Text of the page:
Bill would let 16-year-olds work in logging
A proposed bill that would allow some teenagers to work in the logging industry is drawing opposition from safety advocates.
House Bill 1215 was introduced to a congressional committee last month by Sen. James Risch (R-Idaho). The bill, called the “Future Logging Careers Act,” would allow 16- and 17-year-olds to be exempt from child labor laws if they work in logging or mechanized operations under parental supervision. At present, children of logging families are not allowed to work with equipment and learn the trade until they are 18.
The American Loggers Council says the bill would help to ensure that the sons and daughters of family-owned timber harvesting businesses are able to follow in the footsteps of their parent.
“Like farming and ranching, the timber harvesting profession is often a family run business where the practice and techniques of harvesting and transporting forest products to receiving mills is passed down from generation to generation. Timber harvesting operations are similar to family farms with sophisticated and expensive harvesting equipment that requires young men and women to learn how to run the business, including equipment operation and maintenance, prior to the age of eighteen.”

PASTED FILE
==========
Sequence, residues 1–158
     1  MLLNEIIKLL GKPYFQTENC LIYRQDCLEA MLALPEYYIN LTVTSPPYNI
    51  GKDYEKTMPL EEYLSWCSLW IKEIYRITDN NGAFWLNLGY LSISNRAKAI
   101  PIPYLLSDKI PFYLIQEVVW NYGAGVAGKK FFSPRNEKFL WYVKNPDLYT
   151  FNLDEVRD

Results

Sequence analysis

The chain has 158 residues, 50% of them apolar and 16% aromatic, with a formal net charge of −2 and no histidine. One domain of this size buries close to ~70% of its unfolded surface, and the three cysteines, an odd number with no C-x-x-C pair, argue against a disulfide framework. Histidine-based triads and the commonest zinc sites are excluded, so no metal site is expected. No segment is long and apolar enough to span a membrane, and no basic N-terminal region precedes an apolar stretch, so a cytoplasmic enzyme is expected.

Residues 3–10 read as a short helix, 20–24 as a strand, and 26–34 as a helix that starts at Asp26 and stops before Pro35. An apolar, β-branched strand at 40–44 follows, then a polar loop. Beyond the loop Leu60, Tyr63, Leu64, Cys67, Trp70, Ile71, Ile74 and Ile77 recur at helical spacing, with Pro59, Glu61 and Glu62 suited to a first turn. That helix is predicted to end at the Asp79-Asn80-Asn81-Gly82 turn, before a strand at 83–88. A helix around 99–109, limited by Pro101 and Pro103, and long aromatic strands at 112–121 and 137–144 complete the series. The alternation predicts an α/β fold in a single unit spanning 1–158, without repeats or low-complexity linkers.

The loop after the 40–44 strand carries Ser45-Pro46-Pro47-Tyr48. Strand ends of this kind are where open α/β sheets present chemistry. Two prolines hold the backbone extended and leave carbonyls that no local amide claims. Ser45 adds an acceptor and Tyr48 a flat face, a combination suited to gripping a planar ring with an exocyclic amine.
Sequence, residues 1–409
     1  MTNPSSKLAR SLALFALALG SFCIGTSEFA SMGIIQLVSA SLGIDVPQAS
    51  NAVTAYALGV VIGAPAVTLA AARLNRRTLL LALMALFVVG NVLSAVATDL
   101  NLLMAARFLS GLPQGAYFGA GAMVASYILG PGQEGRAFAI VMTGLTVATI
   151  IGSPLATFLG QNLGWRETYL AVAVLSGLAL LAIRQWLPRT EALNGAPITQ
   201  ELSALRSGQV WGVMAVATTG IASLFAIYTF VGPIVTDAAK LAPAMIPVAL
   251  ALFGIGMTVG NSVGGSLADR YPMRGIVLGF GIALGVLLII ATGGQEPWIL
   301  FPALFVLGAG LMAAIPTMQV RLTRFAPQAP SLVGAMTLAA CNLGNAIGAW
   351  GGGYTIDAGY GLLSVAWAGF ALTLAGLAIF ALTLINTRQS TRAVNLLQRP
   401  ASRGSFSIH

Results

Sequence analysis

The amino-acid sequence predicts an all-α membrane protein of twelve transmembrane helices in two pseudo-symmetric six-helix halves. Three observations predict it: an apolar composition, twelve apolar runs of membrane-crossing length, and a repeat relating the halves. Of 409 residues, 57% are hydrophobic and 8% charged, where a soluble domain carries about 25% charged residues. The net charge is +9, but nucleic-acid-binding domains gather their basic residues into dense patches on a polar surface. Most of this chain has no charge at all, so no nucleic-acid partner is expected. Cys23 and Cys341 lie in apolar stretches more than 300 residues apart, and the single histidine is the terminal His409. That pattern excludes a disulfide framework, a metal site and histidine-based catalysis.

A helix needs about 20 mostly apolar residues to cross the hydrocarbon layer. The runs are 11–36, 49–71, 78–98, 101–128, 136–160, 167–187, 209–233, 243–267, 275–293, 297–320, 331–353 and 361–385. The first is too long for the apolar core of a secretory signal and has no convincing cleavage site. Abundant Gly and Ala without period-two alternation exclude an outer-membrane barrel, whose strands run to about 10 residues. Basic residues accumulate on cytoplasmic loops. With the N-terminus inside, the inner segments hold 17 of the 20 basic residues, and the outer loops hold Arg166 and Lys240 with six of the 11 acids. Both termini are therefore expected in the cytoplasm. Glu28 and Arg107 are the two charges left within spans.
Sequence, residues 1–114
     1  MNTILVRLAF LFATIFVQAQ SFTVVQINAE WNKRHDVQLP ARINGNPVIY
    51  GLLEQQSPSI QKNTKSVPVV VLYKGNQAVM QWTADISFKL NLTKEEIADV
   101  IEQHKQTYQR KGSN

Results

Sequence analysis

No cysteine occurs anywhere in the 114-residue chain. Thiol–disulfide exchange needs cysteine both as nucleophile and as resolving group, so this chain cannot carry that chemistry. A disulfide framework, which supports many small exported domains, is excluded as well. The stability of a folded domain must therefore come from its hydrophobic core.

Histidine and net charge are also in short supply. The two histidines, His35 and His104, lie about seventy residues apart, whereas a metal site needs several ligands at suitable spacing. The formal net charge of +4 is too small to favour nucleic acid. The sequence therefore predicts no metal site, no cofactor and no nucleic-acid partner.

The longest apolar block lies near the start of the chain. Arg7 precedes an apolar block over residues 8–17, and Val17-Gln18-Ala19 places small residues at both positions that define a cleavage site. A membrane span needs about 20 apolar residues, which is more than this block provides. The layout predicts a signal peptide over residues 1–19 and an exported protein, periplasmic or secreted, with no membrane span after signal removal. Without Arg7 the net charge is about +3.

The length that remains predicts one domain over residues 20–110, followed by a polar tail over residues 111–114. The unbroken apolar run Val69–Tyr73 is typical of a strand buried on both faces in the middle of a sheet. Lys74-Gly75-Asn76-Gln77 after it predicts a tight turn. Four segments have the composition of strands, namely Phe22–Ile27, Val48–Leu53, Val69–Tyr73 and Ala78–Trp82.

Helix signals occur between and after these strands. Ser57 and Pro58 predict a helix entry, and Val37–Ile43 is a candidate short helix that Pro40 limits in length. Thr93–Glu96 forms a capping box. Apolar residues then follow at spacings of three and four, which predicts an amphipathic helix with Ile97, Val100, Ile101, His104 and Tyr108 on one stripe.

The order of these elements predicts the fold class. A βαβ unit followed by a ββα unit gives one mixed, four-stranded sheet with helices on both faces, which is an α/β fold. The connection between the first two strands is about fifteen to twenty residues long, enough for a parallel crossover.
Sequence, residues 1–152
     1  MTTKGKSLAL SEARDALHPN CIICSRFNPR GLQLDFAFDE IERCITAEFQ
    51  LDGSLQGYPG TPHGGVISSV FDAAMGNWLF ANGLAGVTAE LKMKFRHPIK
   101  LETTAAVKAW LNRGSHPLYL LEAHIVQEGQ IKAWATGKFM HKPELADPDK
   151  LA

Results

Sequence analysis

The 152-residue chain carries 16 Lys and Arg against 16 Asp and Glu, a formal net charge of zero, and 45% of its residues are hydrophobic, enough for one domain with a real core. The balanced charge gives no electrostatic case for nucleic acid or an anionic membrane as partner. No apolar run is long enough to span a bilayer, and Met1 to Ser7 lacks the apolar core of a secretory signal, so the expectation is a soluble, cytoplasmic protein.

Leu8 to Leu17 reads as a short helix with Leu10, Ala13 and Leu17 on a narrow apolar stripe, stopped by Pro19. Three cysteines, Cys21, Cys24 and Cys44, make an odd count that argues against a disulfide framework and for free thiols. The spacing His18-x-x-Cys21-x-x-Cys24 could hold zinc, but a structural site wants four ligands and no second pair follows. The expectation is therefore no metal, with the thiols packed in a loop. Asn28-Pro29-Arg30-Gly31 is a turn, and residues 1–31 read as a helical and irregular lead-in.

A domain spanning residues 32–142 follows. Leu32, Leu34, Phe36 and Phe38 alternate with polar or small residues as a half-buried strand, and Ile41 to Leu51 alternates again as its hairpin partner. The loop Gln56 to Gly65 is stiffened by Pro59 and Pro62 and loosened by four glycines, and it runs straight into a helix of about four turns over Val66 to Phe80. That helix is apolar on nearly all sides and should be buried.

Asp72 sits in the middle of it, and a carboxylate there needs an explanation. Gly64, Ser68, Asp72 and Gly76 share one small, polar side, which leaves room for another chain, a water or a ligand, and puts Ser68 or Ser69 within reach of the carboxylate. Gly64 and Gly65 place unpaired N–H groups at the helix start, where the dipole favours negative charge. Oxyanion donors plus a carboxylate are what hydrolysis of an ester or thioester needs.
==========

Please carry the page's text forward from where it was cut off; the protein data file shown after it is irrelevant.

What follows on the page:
The Council points out that the bill excludes the manual use of chain saws for felling and processing timber as well as operating cable skidders, which are not considered operations in a mechanized timber harvesting operation.
High injury rates
The American Industrial Hygiene Association (AIHA), however, says the activities allowed by the bill are too dangerous, and said logging – and tree trimming – comprise some of the highest injury and fatality rates nationwide.
“These are dangerous jobs even for seasoned workers; employing young and inexperienced workers only exacerbates the risk of serious on-the-job injuries,” wrote AIHA President-elect Daniel H. Anna, PhD, CIH in a letter to Congress.
“AIHA is aware that other sectors, including the agriculture industry, enjoy regulatory exemptions that allow family members between the ages of 16 and 17 to work under the parents’ supervision. Unfortunately, the agriculture industry also suffers from very high occupational injury and fatality rates. According to the National Institute for Occupational Safety and Health (NIOSH), on average, 113 youth less than 20 years of age die annually from farm-related injuries, with 34% of these deaths occurring to youth 16-19 years of age.”
Anna said the cost of injuries resulting from the bill could outweigh any of the positive economic gains.
This committee will consider the bill before possibly sending it on to the House or Senate as a whole.